Experienced Investor Funds currently entail a minimum investment of just EUR15,000, but require the appointment of a custodian and leverage cannot exceed 100 per cent of net asset value; in May the MFSA published proposals that include lowering the minimum investment level to EUR10,000. Promoters can also set up self-managed PIFs whose investment management is the responsibility of the board of directors and which must have a minimum capital of EUR125,000.

The growth of Malta’s alternative funds market this year is no doubt down in part to increasing awareness of its merits in the global fund industry; unquestionably it has also benefited from the new level of often hostile scrutiny under which the hedge fund industry’s traditional main offshore domiciles have been placed, notably during the G20 summit in London in April and by the EU in its draft Directive on Alternative Investment Fund Managers.

The G20 prompted the compilation by the Organisation for Economic Co-operation and Development of a report on the progress or otherwise of international financial centres towards compliance with the standards it has sponsored on tax transparency and exchange of information. Malta was one of a group of jurisdictions that benefited from being placed immediately on the OECD’s ‘white list’ of countries and territories that had both embraced and substantially implemented the tax standards.

Meanwhile rival fund domiciles Luxembourg, Bermuda, the British Virgin Islands and Cayman Islands were initially put on a ‘grey list’ of jurisdictions that had not satisfactorily implemented the standards. Although all have subsequently signed sufficient tax information exchange agreements to be admitted to the white list, the OECD’s initiative has reflected a wider concern, particularly among institutions, that the funds they invest in should ideally be domiciled and regulated in jurisdictions in good standing with the international community.

According to Andre Zerafa, a senior associate in the investment services and funds practice at law firm Ganado & Associates, the campaigns launched in recent years by organisations such as the OECD and the anti-money laundering Financial Action Task Force as well as the US government and the EU are making offshore centres less attractive and prompting increasing interest in the redomiciling of funds to Malta, as well as the possibility of gaining access to the EU single market if the funds can live with the restrictions imposed by the Ucits regime.

Says Zerafa: ‘The Maltese financial services industry is presently going through a period of expansion and growth due to the growing interest of fund promoters and service providers in having onshore structures that are subject to a robust regulatory framework, supervised by an approachable regulator in a jurisdiction which is cost-effective and where professionals and regulators are able to rise to the complex regulatory, legal, governance, risk, accounting and operational challenges that have become synonymous with the financial services industry. Malta fits this bill.’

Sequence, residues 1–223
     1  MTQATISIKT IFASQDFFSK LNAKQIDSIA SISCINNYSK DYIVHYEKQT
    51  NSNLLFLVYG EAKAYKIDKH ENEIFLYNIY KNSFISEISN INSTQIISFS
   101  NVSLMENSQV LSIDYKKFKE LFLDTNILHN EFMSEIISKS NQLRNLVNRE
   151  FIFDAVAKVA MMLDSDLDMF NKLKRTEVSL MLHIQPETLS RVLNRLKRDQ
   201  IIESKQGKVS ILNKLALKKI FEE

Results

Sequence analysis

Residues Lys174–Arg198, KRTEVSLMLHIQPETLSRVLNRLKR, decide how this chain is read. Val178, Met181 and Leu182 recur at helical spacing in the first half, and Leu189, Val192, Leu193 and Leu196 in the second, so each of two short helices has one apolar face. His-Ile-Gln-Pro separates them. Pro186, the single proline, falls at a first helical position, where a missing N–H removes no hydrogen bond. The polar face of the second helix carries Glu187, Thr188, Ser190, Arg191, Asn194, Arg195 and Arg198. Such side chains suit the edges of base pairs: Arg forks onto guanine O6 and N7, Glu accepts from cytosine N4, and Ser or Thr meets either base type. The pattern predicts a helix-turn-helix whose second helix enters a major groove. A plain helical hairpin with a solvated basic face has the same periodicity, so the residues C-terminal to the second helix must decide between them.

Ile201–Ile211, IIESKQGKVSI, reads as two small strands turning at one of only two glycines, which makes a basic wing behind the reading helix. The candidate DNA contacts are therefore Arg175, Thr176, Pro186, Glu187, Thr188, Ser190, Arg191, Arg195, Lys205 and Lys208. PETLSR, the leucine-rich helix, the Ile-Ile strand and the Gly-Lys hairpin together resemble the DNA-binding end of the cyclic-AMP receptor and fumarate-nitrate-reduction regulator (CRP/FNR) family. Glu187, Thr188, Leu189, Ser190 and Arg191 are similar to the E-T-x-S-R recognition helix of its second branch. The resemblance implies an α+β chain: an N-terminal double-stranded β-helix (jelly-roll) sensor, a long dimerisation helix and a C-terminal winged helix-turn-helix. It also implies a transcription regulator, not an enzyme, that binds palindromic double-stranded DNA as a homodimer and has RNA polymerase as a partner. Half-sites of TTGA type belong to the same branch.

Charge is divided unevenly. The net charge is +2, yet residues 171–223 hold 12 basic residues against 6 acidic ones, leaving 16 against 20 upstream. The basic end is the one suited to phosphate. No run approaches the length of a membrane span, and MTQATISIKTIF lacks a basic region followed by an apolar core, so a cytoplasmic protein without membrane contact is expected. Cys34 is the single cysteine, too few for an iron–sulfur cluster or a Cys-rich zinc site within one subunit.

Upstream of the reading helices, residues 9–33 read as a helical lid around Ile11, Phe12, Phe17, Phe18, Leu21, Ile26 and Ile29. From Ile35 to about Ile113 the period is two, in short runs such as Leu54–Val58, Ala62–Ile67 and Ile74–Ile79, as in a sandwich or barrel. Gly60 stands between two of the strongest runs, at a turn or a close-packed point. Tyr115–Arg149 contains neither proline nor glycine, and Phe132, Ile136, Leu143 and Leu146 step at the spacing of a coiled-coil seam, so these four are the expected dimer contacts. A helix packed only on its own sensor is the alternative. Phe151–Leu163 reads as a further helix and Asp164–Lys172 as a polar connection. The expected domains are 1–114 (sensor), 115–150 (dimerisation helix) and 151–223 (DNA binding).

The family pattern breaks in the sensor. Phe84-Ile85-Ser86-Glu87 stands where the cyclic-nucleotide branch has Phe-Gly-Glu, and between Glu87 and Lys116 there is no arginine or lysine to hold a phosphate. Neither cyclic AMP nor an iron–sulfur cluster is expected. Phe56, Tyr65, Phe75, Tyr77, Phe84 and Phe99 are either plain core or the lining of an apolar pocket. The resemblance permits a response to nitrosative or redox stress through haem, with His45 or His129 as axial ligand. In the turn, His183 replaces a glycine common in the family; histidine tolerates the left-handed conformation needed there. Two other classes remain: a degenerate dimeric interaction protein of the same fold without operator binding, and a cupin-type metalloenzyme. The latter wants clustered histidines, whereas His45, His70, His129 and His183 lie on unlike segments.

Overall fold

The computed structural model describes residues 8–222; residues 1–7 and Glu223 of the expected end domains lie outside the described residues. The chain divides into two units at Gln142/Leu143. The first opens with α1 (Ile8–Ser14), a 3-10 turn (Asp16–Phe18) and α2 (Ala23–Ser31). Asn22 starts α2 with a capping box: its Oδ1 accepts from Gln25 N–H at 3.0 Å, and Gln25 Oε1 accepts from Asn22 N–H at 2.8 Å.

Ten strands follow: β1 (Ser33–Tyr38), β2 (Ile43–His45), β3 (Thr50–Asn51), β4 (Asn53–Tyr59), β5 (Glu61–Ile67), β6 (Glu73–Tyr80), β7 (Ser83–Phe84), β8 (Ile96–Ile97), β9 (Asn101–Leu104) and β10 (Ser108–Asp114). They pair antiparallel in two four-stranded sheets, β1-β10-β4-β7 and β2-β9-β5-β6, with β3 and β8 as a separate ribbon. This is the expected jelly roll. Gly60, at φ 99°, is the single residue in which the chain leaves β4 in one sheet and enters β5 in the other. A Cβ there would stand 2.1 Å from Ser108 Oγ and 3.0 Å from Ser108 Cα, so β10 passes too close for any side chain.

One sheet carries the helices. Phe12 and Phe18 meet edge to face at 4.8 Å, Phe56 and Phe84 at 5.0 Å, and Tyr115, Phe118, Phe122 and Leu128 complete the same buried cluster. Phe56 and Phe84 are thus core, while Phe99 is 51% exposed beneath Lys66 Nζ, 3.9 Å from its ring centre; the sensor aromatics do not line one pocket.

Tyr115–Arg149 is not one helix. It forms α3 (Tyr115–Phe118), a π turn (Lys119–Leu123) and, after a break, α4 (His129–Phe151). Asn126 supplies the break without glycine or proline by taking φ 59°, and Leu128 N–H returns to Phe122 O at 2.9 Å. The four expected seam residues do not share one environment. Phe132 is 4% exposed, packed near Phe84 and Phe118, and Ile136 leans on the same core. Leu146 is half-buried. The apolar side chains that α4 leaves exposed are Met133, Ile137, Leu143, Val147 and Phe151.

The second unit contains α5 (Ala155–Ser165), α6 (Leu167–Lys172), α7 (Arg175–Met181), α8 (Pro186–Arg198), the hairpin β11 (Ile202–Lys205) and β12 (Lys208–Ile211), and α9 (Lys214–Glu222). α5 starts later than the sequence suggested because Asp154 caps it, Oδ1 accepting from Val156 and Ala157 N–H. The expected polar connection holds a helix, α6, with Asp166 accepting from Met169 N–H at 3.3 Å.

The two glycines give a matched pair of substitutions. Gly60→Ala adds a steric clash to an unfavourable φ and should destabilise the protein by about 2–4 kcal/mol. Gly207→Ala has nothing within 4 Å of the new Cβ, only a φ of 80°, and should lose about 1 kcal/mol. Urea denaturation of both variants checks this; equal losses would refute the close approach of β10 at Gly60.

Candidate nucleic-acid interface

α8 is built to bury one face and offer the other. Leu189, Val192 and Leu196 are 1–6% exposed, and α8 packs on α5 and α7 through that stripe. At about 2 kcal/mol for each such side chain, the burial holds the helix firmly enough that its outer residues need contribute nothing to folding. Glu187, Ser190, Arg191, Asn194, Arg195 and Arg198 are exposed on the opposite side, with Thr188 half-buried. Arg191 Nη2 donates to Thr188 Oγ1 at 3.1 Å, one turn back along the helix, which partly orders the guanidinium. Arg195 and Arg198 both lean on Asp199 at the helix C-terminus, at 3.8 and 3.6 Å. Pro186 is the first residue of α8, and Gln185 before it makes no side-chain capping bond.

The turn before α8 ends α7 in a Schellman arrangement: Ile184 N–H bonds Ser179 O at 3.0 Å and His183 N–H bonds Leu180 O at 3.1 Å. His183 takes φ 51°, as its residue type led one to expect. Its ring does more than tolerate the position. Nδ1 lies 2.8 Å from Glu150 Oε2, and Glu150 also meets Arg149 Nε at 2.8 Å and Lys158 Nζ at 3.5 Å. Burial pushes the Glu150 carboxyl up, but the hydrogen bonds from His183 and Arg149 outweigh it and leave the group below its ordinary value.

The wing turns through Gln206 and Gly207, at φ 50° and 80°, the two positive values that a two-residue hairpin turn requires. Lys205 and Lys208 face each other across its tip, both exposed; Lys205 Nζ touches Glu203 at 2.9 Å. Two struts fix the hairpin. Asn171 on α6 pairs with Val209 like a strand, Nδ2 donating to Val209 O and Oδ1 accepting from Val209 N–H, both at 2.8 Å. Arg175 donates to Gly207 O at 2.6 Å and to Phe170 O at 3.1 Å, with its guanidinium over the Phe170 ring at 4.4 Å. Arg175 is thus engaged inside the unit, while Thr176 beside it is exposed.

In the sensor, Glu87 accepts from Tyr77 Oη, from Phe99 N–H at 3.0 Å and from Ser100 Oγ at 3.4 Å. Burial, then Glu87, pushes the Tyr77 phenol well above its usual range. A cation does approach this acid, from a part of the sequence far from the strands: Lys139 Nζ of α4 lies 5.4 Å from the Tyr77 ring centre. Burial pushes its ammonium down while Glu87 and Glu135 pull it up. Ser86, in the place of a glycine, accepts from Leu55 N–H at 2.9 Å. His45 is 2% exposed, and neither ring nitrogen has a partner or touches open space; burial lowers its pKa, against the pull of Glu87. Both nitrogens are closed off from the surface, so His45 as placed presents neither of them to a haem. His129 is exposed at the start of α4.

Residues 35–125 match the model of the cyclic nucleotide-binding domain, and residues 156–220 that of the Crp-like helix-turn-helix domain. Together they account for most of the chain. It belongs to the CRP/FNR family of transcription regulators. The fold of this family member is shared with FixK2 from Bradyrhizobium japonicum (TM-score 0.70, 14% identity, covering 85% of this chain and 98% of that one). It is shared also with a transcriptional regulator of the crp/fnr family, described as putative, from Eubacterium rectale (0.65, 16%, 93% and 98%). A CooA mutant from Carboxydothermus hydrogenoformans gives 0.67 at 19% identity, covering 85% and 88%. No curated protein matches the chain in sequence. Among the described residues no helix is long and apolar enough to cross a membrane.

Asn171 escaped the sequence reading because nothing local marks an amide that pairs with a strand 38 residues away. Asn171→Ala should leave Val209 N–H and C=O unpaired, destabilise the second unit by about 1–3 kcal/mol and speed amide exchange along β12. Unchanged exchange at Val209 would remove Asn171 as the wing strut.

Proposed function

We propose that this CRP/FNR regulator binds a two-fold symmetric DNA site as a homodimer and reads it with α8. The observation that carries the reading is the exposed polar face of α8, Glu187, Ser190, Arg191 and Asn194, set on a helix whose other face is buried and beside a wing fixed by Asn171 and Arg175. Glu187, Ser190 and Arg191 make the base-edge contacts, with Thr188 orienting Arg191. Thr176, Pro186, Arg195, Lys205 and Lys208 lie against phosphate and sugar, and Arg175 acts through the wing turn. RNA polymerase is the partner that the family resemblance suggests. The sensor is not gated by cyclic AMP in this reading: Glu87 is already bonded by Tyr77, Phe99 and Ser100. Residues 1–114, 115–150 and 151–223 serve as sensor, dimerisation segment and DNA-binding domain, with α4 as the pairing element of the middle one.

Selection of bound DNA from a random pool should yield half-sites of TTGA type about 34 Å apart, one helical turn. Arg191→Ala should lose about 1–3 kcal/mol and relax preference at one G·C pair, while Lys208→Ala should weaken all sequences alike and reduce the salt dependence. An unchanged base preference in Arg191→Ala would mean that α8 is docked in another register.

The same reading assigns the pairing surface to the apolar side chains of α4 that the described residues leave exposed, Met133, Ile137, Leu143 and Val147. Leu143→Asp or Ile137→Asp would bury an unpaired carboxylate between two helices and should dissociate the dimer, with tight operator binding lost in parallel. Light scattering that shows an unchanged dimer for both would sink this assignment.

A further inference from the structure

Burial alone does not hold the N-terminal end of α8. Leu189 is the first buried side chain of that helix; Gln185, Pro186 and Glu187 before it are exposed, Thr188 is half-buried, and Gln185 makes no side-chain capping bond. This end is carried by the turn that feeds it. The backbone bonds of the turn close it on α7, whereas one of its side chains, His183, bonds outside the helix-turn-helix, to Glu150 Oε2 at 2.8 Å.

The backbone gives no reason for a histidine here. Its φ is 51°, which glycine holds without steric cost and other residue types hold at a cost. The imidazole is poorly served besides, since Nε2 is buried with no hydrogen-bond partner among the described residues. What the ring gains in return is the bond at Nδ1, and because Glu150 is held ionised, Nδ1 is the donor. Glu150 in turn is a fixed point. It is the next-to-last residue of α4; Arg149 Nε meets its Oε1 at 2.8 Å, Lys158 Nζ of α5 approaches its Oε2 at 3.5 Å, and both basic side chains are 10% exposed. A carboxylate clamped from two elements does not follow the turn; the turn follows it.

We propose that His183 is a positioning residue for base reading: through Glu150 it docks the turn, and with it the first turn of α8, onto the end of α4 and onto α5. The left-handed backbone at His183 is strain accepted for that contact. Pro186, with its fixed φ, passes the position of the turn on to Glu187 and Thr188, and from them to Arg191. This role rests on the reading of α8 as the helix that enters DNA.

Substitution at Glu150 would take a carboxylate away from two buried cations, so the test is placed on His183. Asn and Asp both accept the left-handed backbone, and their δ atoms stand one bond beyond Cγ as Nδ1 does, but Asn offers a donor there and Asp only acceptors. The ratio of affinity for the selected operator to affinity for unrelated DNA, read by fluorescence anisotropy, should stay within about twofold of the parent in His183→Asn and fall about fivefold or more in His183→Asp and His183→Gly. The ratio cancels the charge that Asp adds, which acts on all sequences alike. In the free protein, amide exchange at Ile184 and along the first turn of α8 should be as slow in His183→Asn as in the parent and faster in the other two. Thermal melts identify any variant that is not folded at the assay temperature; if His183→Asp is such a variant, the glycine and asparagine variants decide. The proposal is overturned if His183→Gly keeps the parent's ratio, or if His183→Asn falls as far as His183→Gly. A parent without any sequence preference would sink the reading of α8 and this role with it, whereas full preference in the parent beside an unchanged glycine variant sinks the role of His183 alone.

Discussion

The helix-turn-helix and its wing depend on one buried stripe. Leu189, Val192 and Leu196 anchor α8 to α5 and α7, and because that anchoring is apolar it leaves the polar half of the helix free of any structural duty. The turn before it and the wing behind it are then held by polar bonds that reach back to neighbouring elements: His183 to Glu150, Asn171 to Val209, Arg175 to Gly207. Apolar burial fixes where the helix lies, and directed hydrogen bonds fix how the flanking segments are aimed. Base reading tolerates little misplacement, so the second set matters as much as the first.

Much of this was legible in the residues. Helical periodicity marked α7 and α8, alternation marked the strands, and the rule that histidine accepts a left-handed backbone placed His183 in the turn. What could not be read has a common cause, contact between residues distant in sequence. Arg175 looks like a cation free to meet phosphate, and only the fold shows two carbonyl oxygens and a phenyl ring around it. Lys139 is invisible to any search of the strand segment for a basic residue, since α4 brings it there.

The proposed EU legislation is currently awaiting debate in the European Parliament and may see some changes to measures with which the alternative investment industry took vehement exception, but most experts believe that even if amended the directive will make it more attractive for fund promoters to base themselves and domicile their funds within Europe, and that in any case EU jurisdictions are already well placed to capitalise on the current uncertainty about the ability to market offshore funds to EU investors in the future.

‘Probably the most important development on the horizon is the proposed EU Directive on Alternative Investment Fund Managers and the impact that this is likely to have on the industry,’ says Louis de Gabriele, chairman of the funds expert group at industry promotional body Finance Malta. ‘The industry’s concerns that this could lead to the migration of service providers within the industry toward EU jurisdictions are an new opportunity for Malta to consolidate its position as a domicile and servicing centre for alternative funds.’

De Gabriele argues that the EU proposals represent part of a global trend towards higher levels of regulation, and that the appeal of offshore centres precisely because they offered low or minimal levels of regulation is now largely a thing of the past. As a result, he says, funds are increasingly likely to migrate to regulated jurisdictions, and Malta’s combination of EU membership with flexibility and a burgeoning reputation for financial services expertise leaves it well placed to capitalise.

Industry members are united in their praise for the approach taken by the MFSA that combines effective regulation with a common-sense approach to new initiatives and investment ideas. ‘The Malta Financial Services Authority was set up in 2002 as a single regulator to consolidate the work previously carried out by several agencies,’ says Michael Xuereb, director of the authority’s strategic development unit. ‘We seek to combine a high standard of regulation with an efficient response to industry needs.’